Anyhow... to add to the button stuff you graciously provided, you could also add the following to an Opus context DROP menu action:

FileType CONTEXTMENU {A7005AF0-D6E8-48AF-8DFA-023B1CF660A7} CONTEXTFORCE


#7

Nice tip, thanks much!


#8

This surely is fast!

I have set up a three-button button, with the copy function on LMB, and the move function on RMB.

Thanks Oblias.

It would be great if this technology were integrated into DOpus. I do most copies/moves using drag'n'drop, and have to train myself to remember to use the new button.


#9

Maybe the 'integrated Dopus support' that Oblias mentioned in the new TeraCopy beta might be that it will 'intercept' the Dopus copy and move functions and replace them the way it can with Explorer...?

Edit: is there a command line interface to it? Checking...


#10

[Admin note: I've consolidated this information into the first post in this thread. --Nudel]

The question was asked in another thread about having TeraCopy take over while doing a Drag-and-Drop. I'll repost the information here, just so things will be all in this one thread.

Go to Settings/Filetypes/All Files and Folders. Edit that, and make sure the Events tab is active. Double-click the first entry which is Drag-and-Drop.

When the Edit box pops up, replace [copy movewhensame] with
[C:\Program Files\TeraCopy\TeraCopy.exe Copy {allfilepath$|filem} {destpath}] , then click OK to save the change. Of course, do NOT use the [ ]s , just the text only.

Now, just click on OK, then close to get back to Opus proper. So, from now on, when you drag and drop a file, TeraCopy will kick in, and do the work for you. The only thing is, that it will NOT do a move using this method. It will only do a copy, no matter what drive you are dropping the file on.

If you want to be able to do a move, then you will have to do more editing. Go back again to to Settings/Filetypes/All Files and Folders. Edit that, and make sure the Events tab is active. This time, double-click on the Drag-and-Drop + Shift entry. The command to be entered this time is
[C:\Program Files\TeraCopy\TeraCopy.exe Move {allfilepath$|filem} {destpath}] , again without the brackets [ ] . Save everything as before, and now when you do a Shift + Drag-and-Drop, TeraCopy will do a move, no matter what drive you drop the file on.

OK, that should cover it, but if I've made a mistake, just let me know, and I'll see where I went wrong, but it should work. It works for me, using Opus 9.1 .


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#11

[quote="steje"]Maybe the 'integrated Dopus support' that Oblias mentioned in the new TeraCopy beta might be that it will 'intercept' the Dopus copy and move functions and replace them the way it can with Explorer...?

Edit: is there a command line interface to it? Checking...[/quote]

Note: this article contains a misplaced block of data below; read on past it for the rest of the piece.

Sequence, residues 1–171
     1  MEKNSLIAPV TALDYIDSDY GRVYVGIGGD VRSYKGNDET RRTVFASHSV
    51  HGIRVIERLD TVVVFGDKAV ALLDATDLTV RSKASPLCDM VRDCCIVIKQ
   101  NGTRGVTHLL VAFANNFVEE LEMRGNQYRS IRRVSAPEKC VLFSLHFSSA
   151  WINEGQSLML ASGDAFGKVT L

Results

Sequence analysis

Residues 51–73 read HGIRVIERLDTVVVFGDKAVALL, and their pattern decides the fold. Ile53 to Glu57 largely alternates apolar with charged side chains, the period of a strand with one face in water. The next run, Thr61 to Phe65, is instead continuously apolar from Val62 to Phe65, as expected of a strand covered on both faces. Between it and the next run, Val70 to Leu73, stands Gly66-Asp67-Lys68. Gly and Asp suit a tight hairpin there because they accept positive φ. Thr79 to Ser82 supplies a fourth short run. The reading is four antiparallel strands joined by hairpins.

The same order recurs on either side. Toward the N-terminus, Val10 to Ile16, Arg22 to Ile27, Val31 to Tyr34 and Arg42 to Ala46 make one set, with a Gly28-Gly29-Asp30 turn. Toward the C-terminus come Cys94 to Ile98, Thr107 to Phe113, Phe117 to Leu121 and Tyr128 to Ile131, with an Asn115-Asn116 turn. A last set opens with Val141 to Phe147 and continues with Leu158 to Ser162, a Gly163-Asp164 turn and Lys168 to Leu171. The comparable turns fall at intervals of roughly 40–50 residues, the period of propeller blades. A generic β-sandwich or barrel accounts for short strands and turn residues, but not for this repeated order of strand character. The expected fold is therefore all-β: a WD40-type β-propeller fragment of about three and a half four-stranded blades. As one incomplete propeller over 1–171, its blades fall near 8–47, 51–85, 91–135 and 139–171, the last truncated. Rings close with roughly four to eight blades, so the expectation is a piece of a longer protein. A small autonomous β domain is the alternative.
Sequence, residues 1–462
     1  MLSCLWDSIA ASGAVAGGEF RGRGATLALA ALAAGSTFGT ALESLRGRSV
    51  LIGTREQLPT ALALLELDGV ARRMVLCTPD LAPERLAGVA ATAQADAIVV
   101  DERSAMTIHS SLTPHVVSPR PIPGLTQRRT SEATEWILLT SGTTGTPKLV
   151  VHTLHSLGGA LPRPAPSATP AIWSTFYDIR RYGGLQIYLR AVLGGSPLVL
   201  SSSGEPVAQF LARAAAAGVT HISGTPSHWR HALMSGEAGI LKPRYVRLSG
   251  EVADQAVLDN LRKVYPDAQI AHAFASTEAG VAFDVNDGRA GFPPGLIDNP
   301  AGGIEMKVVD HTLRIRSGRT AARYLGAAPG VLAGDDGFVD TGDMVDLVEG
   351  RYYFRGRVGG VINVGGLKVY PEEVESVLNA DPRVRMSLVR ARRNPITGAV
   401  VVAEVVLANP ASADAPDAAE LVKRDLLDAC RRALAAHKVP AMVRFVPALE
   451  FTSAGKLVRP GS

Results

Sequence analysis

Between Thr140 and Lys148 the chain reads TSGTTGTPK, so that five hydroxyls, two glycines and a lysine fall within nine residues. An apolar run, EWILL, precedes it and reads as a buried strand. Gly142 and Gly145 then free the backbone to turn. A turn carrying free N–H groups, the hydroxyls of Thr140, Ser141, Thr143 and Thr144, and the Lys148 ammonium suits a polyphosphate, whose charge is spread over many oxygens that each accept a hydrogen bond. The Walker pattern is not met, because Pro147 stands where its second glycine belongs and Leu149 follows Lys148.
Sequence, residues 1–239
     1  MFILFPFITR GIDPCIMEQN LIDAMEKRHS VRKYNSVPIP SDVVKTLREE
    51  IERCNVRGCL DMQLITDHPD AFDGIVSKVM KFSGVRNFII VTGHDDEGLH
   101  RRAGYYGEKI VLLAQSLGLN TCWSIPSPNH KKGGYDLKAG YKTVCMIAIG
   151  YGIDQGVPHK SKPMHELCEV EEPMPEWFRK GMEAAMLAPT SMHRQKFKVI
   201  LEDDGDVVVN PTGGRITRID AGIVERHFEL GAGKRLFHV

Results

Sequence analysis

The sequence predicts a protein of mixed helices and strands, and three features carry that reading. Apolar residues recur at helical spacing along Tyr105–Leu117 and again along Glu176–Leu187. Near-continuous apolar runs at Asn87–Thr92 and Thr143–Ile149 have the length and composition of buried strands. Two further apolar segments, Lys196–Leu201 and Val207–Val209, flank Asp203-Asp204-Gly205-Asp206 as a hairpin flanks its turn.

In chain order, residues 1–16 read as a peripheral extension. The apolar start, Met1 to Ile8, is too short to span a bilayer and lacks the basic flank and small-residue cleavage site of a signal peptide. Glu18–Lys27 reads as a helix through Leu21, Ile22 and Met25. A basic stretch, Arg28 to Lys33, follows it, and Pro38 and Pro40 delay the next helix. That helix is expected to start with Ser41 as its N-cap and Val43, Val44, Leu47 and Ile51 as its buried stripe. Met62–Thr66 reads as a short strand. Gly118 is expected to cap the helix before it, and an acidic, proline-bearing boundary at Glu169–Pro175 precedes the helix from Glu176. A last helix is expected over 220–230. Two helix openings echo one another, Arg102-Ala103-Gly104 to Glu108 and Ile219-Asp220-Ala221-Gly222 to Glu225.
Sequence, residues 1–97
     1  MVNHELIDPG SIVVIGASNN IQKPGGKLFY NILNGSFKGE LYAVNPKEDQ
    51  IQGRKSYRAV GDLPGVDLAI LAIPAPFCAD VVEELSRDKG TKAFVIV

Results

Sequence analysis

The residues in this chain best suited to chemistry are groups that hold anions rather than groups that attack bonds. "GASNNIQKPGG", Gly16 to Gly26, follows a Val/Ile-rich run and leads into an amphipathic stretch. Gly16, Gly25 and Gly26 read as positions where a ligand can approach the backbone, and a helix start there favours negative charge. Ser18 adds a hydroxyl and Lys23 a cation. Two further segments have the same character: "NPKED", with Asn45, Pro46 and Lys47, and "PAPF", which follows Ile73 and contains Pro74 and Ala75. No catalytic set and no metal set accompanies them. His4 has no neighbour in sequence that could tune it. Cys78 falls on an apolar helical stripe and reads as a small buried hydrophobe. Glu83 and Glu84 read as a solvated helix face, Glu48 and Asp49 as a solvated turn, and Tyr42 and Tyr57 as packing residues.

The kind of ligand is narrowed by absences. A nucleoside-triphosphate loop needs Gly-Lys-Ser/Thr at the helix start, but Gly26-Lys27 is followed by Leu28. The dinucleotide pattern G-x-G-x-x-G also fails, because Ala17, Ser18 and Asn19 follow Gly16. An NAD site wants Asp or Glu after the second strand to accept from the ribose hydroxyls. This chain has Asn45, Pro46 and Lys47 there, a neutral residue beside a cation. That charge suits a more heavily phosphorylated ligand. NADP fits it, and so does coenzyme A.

What I was referring to by 'integrated Dopus support' was that the button codes are now supported by TeraCopy when you install it. During installation, it will ask you if you'd like to integrate buttons into Opus.

As far as I know, there is no command line interface for the program, as of yet.


#12

Well, using TeraCopy.exe with arguments as you've suggested in your previous post above is close enough to a 'command line' use of the app as we really need :wink:.

Bernard, does that function well?


#13

[quote="steje"]Well, using TeraCopy.exe with arguments as you've suggested in your previous post above is close enough to a 'command line' use of the app as we really need :wink:.

Bernard, does that function well?[/quote]Hello Steje...

I have implemented the suggestions by oblias. They do indeed work as advertised.

Just one thing needs to be taken into account - the time taken to load a copy of TeraCopy when executing it for a small file. This can easily exceed the time it would have take to do the job using the built-in DOpus functions.

I think the ultimate solution would be for GPSoft to reach some sort of accomodation with the TeraCopy developer, to permit absolute integration of his technology into DOpus. I did actually suggest this to Greg, but I'm afraid he was less than enthusiastic. Here is his reply to my suggestion:

"Thanks for the note. Interesting though. But I don't think there's a lot of point in adding a US$19.95 option to Opus to include this type of thing. No one would pay for it.

"Opus already has quite efficient copy functions and you can adjust the copy buffers to suite your system etc, and a copy queue system has been planned for some time now but just not made it yet. Adding a copy queue to Opus is quite complicated because of the multi-threading but it's one of the next features."

...all of which was a bit disappointing. Obviously, if TeraCopy Basic can be had for free by anyone prepared to download it, the developer is unlikely to charge GPSoft US$19.95 a copy for the technology, and I seriously doubt that fiddling with copy buffers will give the huge performance boost (up to 80% quoted) that TeraCopy offers. Finally, it comes complete with a copy queue, one of the oft-requested enhancements for DOpus, which Greg acknowledges.